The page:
Although no system can stop individuals from behaving badly, public financing combined with strong enforcement, disclosure, and reasonable contribution limits can change Albany's "show me the money" culture.
The New Mexico House passed a bill establishing a campaign finance system where participating candidates would receive an initial public finance grant from the state, and then get a four to one match for small donor contributions of up to $100.
After a corruption scandal rocked New York City, Mayor Ed Koch helped develop a new campaign finance system using public matching grants. With many voters lacking faith in Albany due to the power of big money, we need a similar system statewide.
The Independent Democratic Conference will caucus with the Republican Party, promising that the new power-sharing agreement would finally end Albany dysfunction and bring needed attention to key issues like campaign finance reform.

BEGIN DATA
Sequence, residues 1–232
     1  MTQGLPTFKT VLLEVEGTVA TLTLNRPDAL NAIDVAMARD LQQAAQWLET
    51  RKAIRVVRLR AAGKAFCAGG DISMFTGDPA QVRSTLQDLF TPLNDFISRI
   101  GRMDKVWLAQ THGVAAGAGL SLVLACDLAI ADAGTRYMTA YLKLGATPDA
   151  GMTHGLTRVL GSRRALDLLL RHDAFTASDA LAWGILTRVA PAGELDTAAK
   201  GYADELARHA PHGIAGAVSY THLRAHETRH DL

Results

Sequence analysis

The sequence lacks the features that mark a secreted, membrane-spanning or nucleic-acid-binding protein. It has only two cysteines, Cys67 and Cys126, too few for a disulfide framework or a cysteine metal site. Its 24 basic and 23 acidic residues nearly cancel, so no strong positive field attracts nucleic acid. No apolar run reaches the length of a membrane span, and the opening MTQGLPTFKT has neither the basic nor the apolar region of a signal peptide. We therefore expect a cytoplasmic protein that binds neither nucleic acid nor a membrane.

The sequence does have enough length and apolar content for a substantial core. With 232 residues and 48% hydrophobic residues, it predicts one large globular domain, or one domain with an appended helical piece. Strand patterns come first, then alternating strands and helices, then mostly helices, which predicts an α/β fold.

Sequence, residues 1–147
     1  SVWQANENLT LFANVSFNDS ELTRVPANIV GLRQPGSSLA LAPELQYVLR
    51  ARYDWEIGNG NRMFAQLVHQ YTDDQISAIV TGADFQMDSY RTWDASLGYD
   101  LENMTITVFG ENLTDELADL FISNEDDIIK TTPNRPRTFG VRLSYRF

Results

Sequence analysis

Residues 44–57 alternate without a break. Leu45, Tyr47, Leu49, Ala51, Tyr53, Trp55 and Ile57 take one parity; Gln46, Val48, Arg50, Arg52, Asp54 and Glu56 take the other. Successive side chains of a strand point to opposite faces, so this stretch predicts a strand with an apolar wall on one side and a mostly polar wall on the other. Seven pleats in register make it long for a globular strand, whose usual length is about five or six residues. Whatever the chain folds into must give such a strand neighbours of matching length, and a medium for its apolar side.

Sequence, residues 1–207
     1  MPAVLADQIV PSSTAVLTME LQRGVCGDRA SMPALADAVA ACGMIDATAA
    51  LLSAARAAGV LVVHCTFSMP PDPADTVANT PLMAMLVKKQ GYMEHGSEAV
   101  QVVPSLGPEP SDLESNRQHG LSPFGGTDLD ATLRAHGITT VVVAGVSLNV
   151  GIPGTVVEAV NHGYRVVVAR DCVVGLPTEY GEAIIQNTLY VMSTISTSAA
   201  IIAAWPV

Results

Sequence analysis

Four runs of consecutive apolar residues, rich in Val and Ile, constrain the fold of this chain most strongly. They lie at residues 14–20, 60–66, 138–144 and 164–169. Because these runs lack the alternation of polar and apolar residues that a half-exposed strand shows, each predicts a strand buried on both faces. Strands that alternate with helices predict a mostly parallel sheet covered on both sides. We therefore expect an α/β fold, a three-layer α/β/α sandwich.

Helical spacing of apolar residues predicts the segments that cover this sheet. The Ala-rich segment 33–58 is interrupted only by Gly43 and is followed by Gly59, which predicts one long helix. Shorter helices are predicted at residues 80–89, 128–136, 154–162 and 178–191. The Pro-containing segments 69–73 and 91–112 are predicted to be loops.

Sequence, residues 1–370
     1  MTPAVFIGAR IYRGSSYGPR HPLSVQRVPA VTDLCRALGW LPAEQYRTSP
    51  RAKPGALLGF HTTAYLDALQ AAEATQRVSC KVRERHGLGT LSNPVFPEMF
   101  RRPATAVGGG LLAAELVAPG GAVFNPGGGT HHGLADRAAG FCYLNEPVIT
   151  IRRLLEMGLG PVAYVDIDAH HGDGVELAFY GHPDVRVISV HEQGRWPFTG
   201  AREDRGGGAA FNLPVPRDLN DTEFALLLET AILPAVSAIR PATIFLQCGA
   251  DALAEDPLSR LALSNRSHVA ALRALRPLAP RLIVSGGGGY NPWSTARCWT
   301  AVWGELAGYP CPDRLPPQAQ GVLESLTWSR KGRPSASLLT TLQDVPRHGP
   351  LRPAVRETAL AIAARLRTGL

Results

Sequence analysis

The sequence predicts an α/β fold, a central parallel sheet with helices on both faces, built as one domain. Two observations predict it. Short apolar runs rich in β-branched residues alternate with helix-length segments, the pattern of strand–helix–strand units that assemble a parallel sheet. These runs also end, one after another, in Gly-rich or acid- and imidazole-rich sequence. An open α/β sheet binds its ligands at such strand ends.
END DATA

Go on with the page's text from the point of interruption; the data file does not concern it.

America is the world’s leading democracy, but that doesn’t mean there aren’t improvements to be made. By modernizing registration, ending government dysfunction, and combating Citizens United, we can put the people back in charge of our democracy.
The latest Albany scandals are stark reminders of the need for transparency and ethics in the Empire State. As Albany’s dysfunction continues to breed public apathy and cynicism, now is the time to re-engage citizens and fight corruption through a Fair Elections system of public financing state elections.
This month, the Los Angeles City Council approved several important reforms to the city's public financing system. These reforms will help strengthen the connection between Los Angeles residents and their elected officials.
Jonathan Backer responds to Politico's Kenneth Vogel's claim that the "small donor revolution" is on the decline and explains how a public campaign finance system, done right, can reshape the federal election landscape.